The Ghosts of Home

The Ghosts of Home November 30, 2016

natalie-vestin-drive-imageWhen I visit my family in northern Minnesota, I find myself on the same roads I’ve known—back and forth—since I was a child. Often I ride with others because I can’t orient, even in my small town and the outskirts made of barely-there townships and roads that veer only toward themselves. I think of small pathways on Midway Road, and I look for the town hall, for the church, for the dilapidated gray house with scorch marks at the roof. The churning root beer float of the St. Louis River to the south.

I gave up my car last year, though I still love the way the air and light changes on a drive, the way that movement and change of scene feels like prayer. Like close prayer, as if God is in the ditch or the jack pines, a new side of God available when you move a certain way or enter a different terrain.

I cry on cars and trains and planes, travel giving my soul a chance to slosh its drink and overflow. Being between home and a destination—in a between-place—unleashes the fear I have of myself or my home changing so much that we’re unable to find or recognize one another. I fear the same thing about God, that one day I’ll not be able to locate him. It’s a fear that drives me to look for him, map him, everywhere and with urgency.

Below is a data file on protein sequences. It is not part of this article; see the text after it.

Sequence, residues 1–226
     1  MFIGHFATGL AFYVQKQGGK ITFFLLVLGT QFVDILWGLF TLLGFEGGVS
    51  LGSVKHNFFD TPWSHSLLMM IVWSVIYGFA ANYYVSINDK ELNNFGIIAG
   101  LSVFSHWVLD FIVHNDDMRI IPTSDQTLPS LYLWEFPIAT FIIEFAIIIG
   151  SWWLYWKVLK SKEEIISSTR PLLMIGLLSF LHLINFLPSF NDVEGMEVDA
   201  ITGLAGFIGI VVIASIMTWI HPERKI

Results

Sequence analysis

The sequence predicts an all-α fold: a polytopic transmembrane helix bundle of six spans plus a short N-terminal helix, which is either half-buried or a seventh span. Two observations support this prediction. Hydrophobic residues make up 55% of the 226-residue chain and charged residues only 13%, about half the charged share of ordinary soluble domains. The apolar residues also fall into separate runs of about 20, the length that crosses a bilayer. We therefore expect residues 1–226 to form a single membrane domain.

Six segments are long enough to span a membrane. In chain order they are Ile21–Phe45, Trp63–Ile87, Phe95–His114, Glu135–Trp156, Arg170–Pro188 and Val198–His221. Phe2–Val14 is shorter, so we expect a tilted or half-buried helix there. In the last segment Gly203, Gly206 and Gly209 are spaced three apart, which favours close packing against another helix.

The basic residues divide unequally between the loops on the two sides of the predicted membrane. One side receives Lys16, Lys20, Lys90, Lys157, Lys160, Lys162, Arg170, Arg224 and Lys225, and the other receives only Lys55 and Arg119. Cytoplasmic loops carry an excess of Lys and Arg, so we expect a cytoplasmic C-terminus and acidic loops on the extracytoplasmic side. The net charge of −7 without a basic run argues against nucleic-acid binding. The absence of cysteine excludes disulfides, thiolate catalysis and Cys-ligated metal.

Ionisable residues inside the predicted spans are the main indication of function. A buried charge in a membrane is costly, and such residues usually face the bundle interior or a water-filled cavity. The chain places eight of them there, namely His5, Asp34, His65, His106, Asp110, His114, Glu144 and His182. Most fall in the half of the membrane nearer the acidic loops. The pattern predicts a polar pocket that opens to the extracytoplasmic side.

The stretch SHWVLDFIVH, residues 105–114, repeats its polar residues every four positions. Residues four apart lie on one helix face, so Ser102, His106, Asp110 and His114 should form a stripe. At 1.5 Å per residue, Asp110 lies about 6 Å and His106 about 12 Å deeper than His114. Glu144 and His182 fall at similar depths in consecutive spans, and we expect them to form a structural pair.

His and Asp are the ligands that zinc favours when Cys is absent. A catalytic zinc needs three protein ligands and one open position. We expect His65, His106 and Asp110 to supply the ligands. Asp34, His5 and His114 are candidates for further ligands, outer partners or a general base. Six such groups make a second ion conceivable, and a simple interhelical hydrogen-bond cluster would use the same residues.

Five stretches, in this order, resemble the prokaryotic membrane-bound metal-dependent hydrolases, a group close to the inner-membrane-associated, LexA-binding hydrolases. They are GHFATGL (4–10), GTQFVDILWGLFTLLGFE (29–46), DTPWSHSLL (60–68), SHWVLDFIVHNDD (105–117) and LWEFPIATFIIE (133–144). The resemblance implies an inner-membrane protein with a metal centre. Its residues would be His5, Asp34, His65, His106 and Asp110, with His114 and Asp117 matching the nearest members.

At dusk: a shadow and a sadness. I ride down Midway, road so elongated that I don’t notice the cliffs—basalt, granite, eons—until someone points them out. The air is quiet and full. All that forest. Lives lived behind the trees before space was something to be conserved, used up, and houses grew nearer to the road. Before driveways became efficient and less a chance to consider your journey, your endpoint. In the afternoon, you’ll stop for the same train at three different crossings.

As children and teens, my sister and cousins and I drove down Midway to the mall, to the great lake. We didn’t go very many places. We were scared all the time; people we loved were in danger, and there was nothing for children to do except to go away, away, and then toward, toward.

Home was desired and dreaded. Sometimes you can’t separate your ghosts from your descending shadows, your lavender air. We were scared all the time. Sometimes, fear is a presence that visits, strange comfort. Good company. Sometimes fear is an invocation: God to a ditch, God to the jack pines. We drove and made ghosts of ourselves all down Midway Road, looked out the windows for signs.

An old legend: you’ll dream vividly if you sleep where you can hear a train. It sounds true, doesn’t it, a piece of truth in it? One summer, I lived in a house where six people had died, and I dreamed every night all night, and I didn’t know if I dreamed because of ghosts, or because trains in the river valley passed by, or because the trains came from the east, where my home was, and I knew by their mourning that trains and homes are always changing shape.